Sunday, November 6, 2005

Review: Scavenger - Madness To Our Method (2004)

Scavenger [ MySpace ]
Madness To Our Method
Sentinel Records

On the eastern shore of Ireland, a short distance north of Dublin, rests the historical town of Drogheda and the home of Scavenger. Formed in 2001, this four-piece has begun to establish themselves on the local and international scenes as a highly talented metal band able to compose intricate songs that draw influences from several metal genres. Madness To Our Method is the band's debut release on Ireland's Sentinel Records.

I'll get the review started by jumping right to my favorite track, "Ethereal Journey", to elucidate the complex yet enjoyable sound of Scavenger. Beginning with a huge, driving riff from Noel Maher that's deepened by the plucky bass of Niall Cooney, the song rumbles on as Peter Dunne lends an armful of emotion to the lyrics. Sounding on this track a little like Geoff Tate, Peter generally remains in a rough mid-range voice throughout the album though at times he dips a bit lower. "Ethereal Journey" trundles on with varying riffs, which is really the key to Scavenger's successful formula. The band has a knack for incorporating not just one or two riffs into each song, but several. Not only does this keep the album fresh though its progression, but offers something new around each corner without fraying the cohesion of the tracks. The fluid guitar breakdown, one of the best moments on the album, aids the song in creating the listening experience indicated by the title.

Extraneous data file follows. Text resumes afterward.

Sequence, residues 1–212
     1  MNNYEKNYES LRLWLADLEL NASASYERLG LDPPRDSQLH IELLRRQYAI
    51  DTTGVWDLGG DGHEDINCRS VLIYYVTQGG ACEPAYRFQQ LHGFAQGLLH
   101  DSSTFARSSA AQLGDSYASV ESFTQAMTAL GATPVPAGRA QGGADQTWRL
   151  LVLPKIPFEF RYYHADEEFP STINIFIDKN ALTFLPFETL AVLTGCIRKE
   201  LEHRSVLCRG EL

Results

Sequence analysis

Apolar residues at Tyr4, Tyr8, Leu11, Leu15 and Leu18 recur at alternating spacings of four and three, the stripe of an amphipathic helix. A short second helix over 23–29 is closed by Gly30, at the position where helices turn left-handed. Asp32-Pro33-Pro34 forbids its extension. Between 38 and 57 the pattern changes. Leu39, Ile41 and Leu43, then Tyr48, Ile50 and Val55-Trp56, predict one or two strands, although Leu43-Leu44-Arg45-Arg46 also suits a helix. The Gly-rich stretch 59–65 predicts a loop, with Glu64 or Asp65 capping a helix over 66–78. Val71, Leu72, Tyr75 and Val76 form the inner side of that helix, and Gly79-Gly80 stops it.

Stepping back to the second track, "Storm Warning", we're treated to a thundering theme riff accompanied by tremendous double-kick from Johnny Kerr. Noel deftly launches some fine lead attacks, keeping with the Peter's angered vocals. Again, the song steers clear of repetition and instead brings a plethora of time changes and beat patterns to enjoy. While Noel's guitar is the lifeblood of Madness To Our Method, solos are distinctly rare. He unleashes a brief attack on "Storm Warning", but the intentional (or possibly unintentional) studio "enhancements" make the piece sound as if it was added as an afterthought.

The remainder of the tracks follow this pattern of blending thrashy riffs, traditional metal melodies, and progressive songwriting techniques to result in what is a very intriguing album. The exception to Scavenger's blueprint is the untitled fifth track, which is instead a moderately short, trance-inducing instrumental piece that managed to work itself in to being my second favorite track of the album. Essentially highlighting Noel's ability to step back from his huge riffs and take a much more subdued, almost reverent approach to his guitar playing, the track serves as a well-placed mood enhancer between the doomy "Prisoner of Time" and "Unstoppable Motion".

Fans of mid-period Black Sabbath will find Madness To Our Method to be a quality album, as will those who enjoy the work of such bands as Megadeth, Jag Panzer, and the like.

Track Listing
1On the Outside7:37
2Storm Warning5:27
3Ethereal Journey4:57
4Prisoner of Time9:23
6Unstoppable Motion5:14
7Daydreams in Dystopia7:44

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